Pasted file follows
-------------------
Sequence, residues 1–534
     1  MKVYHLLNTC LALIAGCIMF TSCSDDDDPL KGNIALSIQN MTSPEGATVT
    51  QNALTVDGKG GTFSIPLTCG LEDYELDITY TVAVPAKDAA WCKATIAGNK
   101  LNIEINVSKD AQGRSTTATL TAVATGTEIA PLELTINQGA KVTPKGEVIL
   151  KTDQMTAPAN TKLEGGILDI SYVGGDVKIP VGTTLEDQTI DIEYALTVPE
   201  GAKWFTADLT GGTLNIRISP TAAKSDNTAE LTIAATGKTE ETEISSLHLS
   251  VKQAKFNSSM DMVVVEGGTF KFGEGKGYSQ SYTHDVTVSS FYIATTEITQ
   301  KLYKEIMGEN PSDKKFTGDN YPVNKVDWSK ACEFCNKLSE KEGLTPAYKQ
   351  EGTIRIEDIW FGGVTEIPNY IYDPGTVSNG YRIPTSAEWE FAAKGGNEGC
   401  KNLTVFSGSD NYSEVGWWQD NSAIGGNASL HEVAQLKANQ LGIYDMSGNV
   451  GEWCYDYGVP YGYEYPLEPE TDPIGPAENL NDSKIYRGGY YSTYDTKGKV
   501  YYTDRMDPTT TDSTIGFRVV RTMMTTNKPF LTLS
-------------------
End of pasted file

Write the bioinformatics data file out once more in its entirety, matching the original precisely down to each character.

Sequence, residues 1–534
     1  MKVYHLLNTC LALIAGCIMF TSCSDDDDPL KGNIALSIQN MTSPEGATVT
    51  QNALTVDGKG GTFSIPLTCG LEDYELDITY TVAVPAKDAA WCKATIAGNK
   101  LNIEINVSKD AQGRSTTATL TAVATGTEIA PLELTINQGA KVTPKGEVIL
   151  KTDQMTAPAN TKLEGGILDI SYVGGDVKIP VGTTLEDQTI DIEYALTVPE
   201  GAKWFTADLT GGTLNIRISP TAAKSDNTAE LTIAATGKTE ETEISSLHLS
   251  VKQAKFNSSM DMVVVEGGTF KFGEGKGYSQ SYTHDVTVSS FYIATTEITQ
   301  KLYKEIMGEN PSDKKFTGDN YPVNKVDWSK ACEFCNKLSE KEGLTPAYKQ
   351  EGTIRIEDIW FGGVTEIPNY IYDPGTVSNG YRIPTSAEWE FAAKGGNEGC
   401  KNLTVFSGSD NYSEVGWWQD NSAIGGNASL HEVAQLKANQ LGIYDMSGNV
   451  GEWCYDYGVP YGYEYPLEPE TDPIGPAENL NDSKIYRGGY YSTYDTKGKV
   501  YYTDRMDPTT TDSTIGFRVV RTMMTTNKPF LTLS